This first appeared as a Comment in the 6 May issue of Flight International
One of the most intriguing highlights of the 2013 Paris air show was Airbus’s vision of a hybrid-electric airliner. With electric fan motors driven by batteries and gas turbine generators – and relying on advanced aerodynamics and cryogenically cooled cabling, to enable superconductivity and beat the heat that would otherwise doom a flying megawatt powerplant – the exotic E-Thrust was presented as a 2050s prospect.
Just a few years ago, far less exotic next-generation airliners were being talked about as 2020s machines. Now, with Airbus and Boeing both having opted to rework their existing narrowbodies as A320neo and 737 Max, the “next generation” has been pushed to the 2030s – making the 2050s shorthand for dream-land.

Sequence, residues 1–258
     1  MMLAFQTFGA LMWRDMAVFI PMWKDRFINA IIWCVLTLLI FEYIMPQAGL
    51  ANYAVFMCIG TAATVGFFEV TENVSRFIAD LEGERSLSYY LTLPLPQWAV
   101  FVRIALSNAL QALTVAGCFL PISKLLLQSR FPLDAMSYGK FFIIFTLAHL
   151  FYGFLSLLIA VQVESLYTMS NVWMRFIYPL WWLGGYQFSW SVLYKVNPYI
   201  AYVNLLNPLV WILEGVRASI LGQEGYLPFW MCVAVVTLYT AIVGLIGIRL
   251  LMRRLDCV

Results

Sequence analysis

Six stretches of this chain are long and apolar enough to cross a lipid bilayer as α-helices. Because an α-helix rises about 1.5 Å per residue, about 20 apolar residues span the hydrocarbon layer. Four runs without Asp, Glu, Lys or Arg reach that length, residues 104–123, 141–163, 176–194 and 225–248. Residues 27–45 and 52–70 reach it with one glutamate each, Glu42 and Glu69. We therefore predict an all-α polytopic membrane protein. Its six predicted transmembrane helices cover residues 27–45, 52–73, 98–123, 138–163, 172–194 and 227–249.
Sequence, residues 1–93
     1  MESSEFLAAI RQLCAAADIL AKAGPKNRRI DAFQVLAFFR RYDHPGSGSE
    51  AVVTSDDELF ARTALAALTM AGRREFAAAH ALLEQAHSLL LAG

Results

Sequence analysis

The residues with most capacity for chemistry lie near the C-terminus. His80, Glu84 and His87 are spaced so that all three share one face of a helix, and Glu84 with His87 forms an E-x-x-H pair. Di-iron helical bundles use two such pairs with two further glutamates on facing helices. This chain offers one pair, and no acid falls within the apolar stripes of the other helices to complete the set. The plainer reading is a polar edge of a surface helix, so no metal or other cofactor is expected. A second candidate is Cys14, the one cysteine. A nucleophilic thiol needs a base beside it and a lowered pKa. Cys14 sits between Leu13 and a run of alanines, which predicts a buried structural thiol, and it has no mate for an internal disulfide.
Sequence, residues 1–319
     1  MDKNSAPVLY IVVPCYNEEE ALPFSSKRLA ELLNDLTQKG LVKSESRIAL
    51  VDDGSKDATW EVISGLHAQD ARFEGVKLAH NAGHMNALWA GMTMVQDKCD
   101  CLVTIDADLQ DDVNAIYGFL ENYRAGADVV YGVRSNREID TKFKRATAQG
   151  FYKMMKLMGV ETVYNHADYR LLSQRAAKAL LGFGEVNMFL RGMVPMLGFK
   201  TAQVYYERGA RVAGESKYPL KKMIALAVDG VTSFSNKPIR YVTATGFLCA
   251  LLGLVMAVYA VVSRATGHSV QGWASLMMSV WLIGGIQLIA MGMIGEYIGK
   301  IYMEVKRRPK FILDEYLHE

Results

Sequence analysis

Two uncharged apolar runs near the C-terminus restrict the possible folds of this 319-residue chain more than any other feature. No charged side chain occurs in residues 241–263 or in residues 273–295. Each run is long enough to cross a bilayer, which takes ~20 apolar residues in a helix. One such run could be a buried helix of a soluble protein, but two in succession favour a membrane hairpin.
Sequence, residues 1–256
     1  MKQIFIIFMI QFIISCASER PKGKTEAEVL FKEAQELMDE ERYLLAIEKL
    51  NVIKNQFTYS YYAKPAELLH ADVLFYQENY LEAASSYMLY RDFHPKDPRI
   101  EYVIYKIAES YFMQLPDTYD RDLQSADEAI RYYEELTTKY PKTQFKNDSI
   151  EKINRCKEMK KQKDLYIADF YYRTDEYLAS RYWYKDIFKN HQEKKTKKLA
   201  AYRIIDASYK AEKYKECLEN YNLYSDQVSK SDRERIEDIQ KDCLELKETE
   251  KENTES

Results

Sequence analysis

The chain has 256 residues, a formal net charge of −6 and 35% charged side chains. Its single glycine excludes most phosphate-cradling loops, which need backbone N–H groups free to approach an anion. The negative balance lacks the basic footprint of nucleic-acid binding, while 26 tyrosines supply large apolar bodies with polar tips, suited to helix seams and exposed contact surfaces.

But far from letting E-Thrust gather dust on the nice ideas shelf, Airbus has wheeled it out again – and even refined it as a 90-seat regional transport. No dates are being attached to the project, but the company could not be more specific: E-Thrust is a project, not a dream.
Within three years, a marketable, all-electric two-seater will be flying – soon to be followed by the hybrid version that, scaled up, will become E-Thrust.
That scaling up is no simple matter, and Airbus admits it may be defeated by the technology. But to hear the near-silence of its prototype two-seater is to understand that airport noise may well be aviation’s most daunting environmental problem.